Alphabet settles shareholder lawsuit for management’s sexual misconduct


The parent company of Google Alphabet has settled a shareholder lawsuit over its handling of sexual misconduct. The company announced policy changes related to the settlement, including a $ 310 million fund for diversity, equity and inclusion initiatives. This resolves a complaint filed in 2019, following an explosive report that Google offered multi-million dollar exit packages to executives credibly accused of sexual assault or harassment, including the former director of Andy Rubin.

CNBC reported the news earlier today. “This settlement is likely to have lasting and long-term success by making major and transformative changes at Alphabet,” the shareholders’ lawyer said in a statement to CNBC.. The statement praised the departure of the “facilitators and perpetrators,” including the January resignation of General Counsel David Drummond – who has also been investigated for inappropriate relationships with women – as well as the departure from former Google CEO Eric Schmidt of Alphabet’s board.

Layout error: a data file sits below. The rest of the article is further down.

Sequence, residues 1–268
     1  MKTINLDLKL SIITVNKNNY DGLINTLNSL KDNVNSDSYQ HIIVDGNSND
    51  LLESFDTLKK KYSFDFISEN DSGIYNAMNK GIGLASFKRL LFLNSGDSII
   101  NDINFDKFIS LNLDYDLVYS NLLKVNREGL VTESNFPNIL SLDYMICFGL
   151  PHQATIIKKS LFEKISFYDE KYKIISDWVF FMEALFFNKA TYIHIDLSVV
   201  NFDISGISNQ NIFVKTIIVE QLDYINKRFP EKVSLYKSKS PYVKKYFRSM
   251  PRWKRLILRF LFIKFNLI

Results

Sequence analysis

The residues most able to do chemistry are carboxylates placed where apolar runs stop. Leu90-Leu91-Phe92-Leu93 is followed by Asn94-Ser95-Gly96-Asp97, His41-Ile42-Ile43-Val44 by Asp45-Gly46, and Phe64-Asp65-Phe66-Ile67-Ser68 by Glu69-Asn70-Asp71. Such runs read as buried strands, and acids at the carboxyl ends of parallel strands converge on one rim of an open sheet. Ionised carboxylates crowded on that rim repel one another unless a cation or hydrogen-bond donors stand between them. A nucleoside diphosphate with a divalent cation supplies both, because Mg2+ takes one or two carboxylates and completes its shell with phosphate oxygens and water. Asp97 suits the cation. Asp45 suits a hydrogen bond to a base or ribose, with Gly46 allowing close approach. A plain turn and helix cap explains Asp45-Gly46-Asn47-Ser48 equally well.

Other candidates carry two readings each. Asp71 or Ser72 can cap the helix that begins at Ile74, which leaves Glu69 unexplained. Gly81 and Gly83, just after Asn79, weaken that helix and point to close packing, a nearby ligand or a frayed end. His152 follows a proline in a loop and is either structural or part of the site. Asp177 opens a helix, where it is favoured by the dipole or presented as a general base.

Alphabet had already changed some policies after employees protested, including waiving its forced arbitration rules. Now Google Vice President of Human Operations Eileen Naughton has officially announced five principles apparently developed with input from shareholders and employees. These include committing to a “respectful, safe and inclusive work environment for all employees and members of our extended workforce” and providing greater transparency regarding misconduct investigations. .

In addition to these principles, Alphabet will be establishing a new Diversity, Equity and Inclusion Advisory Board to oversee changes within the company. It will ban severance pay for employees who are the subject of an ongoing investigation for sexual misconduct, following an earlier ban for employees who were terminated for misconduct.


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